that managing safety is an integral part of management and that
safety risk is an integral part of business risk. Controlling
the cost of safety is therefore fundamentally about good business
10. We recognise that in both our standards,
and other core functions, we can play a key role in helping the
industry to achieve cost effective safety and performance improvement.
Since our creation in April 2003 we have begun working with our
members to achieve those objectives and are taking the lead in
several initiatives, some of which are set out in paragraphs 11
11. StandardsOn 19 January 2004 a
new set of rules for the creation and modification of Railway
Group Standards will come into effect. Known as the Railway Group
Standards Code the rules were developed in a collaborative industry-working
group, widely consulted upon, and approved by a 100% vote among
our members. They provide for a greater industry involvement in
the process to justify and develop changes in standards. Under
the new rules, the content of all standards changes will be agreed
by groups whose members are drawn from all parts of the industry
and will be justified against objective criteriathus giving
the whole industry the opportunity to more directly affect the
contents of Railway Group Standards. From this month all Railway
Group Standards will be available freely via the Internet.
12. We are also working with the industry
to review and further enhance the process by which Railway Group
Standards are justified and developed so as to better meet the
needs of the industry and those that fund it. This work is being
done in close association with Network Rail, who are reviewing
their own arrangements for company standards and also to better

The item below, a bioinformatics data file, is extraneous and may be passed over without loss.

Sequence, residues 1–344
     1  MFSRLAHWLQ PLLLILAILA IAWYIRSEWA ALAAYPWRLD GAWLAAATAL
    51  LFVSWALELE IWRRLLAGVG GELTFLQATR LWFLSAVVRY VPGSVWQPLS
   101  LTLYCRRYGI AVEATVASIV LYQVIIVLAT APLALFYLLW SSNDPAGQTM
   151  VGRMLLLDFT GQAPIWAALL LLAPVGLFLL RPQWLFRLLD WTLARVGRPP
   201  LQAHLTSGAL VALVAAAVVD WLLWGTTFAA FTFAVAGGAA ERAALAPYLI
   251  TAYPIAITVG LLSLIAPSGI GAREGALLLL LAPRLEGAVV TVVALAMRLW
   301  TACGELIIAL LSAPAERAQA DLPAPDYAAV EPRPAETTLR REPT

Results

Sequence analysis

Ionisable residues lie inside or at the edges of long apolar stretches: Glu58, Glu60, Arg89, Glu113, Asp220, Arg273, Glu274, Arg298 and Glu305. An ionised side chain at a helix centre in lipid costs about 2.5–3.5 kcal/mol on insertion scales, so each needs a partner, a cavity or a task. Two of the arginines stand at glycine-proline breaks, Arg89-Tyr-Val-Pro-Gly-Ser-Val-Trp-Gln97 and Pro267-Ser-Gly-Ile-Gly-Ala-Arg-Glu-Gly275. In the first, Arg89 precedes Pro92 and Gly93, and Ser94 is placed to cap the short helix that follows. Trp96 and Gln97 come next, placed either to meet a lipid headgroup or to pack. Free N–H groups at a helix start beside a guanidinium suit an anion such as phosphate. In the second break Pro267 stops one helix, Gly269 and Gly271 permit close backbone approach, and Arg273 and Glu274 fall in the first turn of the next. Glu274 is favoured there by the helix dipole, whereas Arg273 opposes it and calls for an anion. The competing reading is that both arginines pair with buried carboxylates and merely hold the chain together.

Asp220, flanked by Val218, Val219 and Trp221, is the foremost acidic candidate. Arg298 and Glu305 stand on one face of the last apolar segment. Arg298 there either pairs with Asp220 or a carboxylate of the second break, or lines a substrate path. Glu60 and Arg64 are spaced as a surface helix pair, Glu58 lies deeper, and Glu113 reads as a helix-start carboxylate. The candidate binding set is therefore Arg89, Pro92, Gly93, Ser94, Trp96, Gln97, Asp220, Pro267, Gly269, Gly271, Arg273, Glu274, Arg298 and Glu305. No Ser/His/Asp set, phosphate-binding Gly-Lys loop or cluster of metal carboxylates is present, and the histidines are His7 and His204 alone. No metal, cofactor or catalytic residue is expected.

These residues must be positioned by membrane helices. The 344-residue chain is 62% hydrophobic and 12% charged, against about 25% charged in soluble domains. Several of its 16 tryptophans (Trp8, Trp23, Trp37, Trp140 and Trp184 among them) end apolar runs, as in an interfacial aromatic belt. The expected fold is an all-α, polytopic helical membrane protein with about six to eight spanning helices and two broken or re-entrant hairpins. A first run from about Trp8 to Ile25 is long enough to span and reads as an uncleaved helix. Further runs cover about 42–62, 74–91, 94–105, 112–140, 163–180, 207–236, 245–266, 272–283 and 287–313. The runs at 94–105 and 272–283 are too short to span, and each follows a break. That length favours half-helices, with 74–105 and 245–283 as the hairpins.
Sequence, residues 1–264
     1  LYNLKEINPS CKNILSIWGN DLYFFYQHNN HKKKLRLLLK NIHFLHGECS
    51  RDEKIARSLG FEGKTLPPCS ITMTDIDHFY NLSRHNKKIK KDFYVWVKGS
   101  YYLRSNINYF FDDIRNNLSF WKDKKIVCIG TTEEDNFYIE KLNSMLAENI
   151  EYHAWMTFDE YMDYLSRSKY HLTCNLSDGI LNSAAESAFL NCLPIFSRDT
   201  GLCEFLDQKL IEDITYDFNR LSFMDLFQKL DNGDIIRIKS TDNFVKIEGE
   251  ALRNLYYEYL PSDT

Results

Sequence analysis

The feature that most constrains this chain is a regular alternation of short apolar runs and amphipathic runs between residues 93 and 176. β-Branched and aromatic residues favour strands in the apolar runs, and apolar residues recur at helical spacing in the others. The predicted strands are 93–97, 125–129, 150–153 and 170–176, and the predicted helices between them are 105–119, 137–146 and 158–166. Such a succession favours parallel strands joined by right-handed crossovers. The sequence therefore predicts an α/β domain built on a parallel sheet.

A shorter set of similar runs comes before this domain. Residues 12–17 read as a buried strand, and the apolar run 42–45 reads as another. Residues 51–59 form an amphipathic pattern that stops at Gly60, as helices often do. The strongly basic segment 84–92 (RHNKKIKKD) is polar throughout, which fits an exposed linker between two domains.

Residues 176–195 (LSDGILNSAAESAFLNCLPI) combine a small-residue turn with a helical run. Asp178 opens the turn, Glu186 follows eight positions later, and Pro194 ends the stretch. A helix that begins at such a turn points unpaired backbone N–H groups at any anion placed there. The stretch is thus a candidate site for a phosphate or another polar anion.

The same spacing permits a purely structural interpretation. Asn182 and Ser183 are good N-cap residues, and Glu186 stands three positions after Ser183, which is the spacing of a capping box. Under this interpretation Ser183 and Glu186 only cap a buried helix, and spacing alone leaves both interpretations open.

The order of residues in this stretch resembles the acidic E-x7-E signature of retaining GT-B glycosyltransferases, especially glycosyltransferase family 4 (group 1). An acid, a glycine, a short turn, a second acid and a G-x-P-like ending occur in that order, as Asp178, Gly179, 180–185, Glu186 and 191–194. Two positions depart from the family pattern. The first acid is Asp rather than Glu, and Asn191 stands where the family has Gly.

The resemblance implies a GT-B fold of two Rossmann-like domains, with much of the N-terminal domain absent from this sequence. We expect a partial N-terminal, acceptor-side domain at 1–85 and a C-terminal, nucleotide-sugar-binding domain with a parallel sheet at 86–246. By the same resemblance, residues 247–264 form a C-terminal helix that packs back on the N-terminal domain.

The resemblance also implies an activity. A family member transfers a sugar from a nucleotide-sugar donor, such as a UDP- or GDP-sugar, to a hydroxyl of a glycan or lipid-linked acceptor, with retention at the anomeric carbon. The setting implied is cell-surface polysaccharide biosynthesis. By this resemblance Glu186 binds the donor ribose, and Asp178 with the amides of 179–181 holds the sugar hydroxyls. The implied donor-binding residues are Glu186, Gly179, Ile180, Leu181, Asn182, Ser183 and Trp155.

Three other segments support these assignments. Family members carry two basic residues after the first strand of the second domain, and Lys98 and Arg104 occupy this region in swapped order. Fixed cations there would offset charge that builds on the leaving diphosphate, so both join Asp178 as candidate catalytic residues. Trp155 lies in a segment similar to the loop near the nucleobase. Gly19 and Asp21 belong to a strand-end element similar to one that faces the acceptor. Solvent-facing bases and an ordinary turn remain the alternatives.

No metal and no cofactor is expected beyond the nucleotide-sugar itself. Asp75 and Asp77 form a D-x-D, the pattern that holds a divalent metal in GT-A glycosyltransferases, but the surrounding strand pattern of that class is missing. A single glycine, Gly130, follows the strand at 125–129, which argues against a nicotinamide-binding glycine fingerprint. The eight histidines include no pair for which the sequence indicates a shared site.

align Railway Group Standards with the emerging European Technical
Specifications for Interoperability (TSIs).
13. RSSB is leading the development of a
safety strategy for the "national" railway that will
provide a more effective strategic framework within which the
established Railway Group Safety Plan will be developed and updated
14. RSSB is managing an enabling project
to help the industry develop and apply agreed safety decision
criteria. This work is not only about safety; the decision criteria
have major implications for other industry outputs such as capacity,
performance and efficiency.
15. RSSB is developing arrangements that
will facilitate the industry optimising the management of key
16. RSSB is facilitating the engagement
of the rail industry in European initiatives, particularly relating
to interoperability and enhancing the level of scrutiny that is
applied to justifying standards. Over the next few years TSIs
will specify an increasing proportion of the industry's interfaces,
and, accordingly, the role of Railway Group Standards is expected
to reduce. RSSB's focus is therefore likely to shift toward helping
the industry input to the development of TSIs and integrating
them into the national network.
17. Network Rail is one of the 57 members
of RSSB and has a non-executive director on our Board. Many senior
Network Rail personnel participate as members of technical Subject
Committees that oversee the development of Railway Group Standards.
The formal relationship with the HSE is their right to be an observer
at our Board Meetings and to be consulted on a range of RSSB activities.
Many contacts exist at the operating level with Network Rail and
the HSE, as well as with the SRA, ORR, train operators (passenger
and freight), industry suppliers and many other stakeholders.
RSSB is also a member of the Standards Strategy Group (SSG) which
is chaired by the SRA.
18. RSSB recognises the extent to which
railway safety issues have, in recent years, been a matter of
public concern. Furthermore our ongoing engagement with stakeholders
(part of the process to develop a railway safety strategy) is
highlighting the fact that senior managers in the industry consider
that the amplification in the media of these concerns creates
a climate within which there is an aversion to safety risk. Recent
high profile prosecutions have also had an effect. Many of the
initiatives mentioned in this memorandum are designed to support
the development of both competence and a greater confidence within
the industry in taking decisions that affect safety, and in exercising
engineering and operational judgement.
Rail Safety and Standards Board